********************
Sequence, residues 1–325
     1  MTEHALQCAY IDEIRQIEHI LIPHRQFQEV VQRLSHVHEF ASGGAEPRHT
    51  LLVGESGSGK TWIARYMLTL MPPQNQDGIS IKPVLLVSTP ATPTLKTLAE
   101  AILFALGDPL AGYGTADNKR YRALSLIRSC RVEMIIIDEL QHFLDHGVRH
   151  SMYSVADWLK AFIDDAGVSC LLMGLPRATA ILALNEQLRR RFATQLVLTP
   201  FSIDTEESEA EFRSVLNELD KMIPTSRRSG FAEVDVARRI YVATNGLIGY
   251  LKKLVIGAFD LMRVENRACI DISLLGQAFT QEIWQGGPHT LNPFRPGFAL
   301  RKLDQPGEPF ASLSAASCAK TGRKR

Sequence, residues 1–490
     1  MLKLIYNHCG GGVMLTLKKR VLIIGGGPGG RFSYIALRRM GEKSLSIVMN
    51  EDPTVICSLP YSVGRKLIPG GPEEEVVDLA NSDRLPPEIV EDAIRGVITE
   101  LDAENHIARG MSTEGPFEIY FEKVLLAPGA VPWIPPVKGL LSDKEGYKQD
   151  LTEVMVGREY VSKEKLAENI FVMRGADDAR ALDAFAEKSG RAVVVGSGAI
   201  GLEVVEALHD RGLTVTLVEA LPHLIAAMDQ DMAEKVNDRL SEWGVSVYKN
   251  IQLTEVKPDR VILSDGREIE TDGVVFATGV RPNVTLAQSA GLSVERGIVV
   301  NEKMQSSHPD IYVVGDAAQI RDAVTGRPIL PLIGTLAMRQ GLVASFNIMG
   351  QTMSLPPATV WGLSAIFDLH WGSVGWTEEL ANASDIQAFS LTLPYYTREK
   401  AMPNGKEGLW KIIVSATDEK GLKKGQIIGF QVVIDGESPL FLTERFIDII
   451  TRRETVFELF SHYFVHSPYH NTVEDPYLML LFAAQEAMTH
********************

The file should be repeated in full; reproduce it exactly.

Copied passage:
Sequence, residues 1–325
     1  MTEHALQCAY IDEIRQIEHI LIPHRQFQEV VQRLSHVHEF ASGGAEPRHT
    51  LLVGESGSGK TWIARYMLTL MPPQNQDGIS IKPVLLVSTP ATPTLKTLAE
   101  AILFALGDPL AGYGTADNKR YRALSLIRSC RVEMIIIDEL QHFLDHGVRH
   151  SMYSVADWLK AFIDDAGVSC LLMGLPRATA ILALNEQLRR RFATQLVLTP
   201  FSIDTEESEA EFRSVLNELD KMIPTSRRSG FAEVDVARRI YVATNGLIGY
   251  LKKLVIGAFD LMRVENRACI DISLLGQAFT QEIWQGGPHT LNPFRPGFAL
   301  RKLDQPGEPF ASLSAASCAK TGRKR

Sequence, residues 1–490
     1  MLKLIYNHCG GGVMLTLKKR VLIIGGGPGG RFSYIALRRM GEKSLSIVMN
    51  EDPTVICSLP YSVGRKLIPG GPEEEVVDLA NSDRLPPEIV EDAIRGVITE
   101  LDAENHIARG MSTEGPFEIY FEKVLLAPGA VPWIPPVKGL LSDKEGYKQD
   151  LTEVMVGREY VSKEKLAENI FVMRGADDAR ALDAFAEKSG RAVVVGSGAI
   201  GLEVVEALHD RGLTVTLVEA LPHLIAAMDQ DMAEKVNDRL SEWGVSVYKN
   251  IQLTEVKPDR VILSDGREIE TDGVVFATGV RPNVTLAQSA GLSVERGIVV
   301  NEKMQSSHPD IYVVGDAAQI RDAVTGRPIL PLIGTLAMRQ GLVASFNIMG
   351  QTMSLPPATV WGLSAIFDLH WGSVGWTEEL ANASDIQAFS LTLPYYTREK
   401  AMPNGKEGLW KIIVSATDEK GLKKGQIIGF QVVIDGESPL FLTERFIDII
   451  TRRETVFELF SHYFVHSPYH NTVEDPYLML LFAAQEAMTH